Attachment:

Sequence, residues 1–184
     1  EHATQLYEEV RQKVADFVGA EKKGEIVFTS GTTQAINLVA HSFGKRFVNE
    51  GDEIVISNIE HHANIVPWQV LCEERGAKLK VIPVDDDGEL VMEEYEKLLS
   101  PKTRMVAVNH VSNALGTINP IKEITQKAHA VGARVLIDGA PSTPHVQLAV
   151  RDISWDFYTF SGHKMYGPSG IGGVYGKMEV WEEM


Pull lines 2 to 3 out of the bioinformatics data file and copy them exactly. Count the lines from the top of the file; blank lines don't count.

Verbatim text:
     1  EHATQLYEEV RQKVADFVGA EKKGEIVFTS GTTQAINLVA HSFGKRFVNE
    51  GDEIVISNIE HHANIVPWQV LCEERGAKLK VIPVDDDGEL VMEEYEKLLS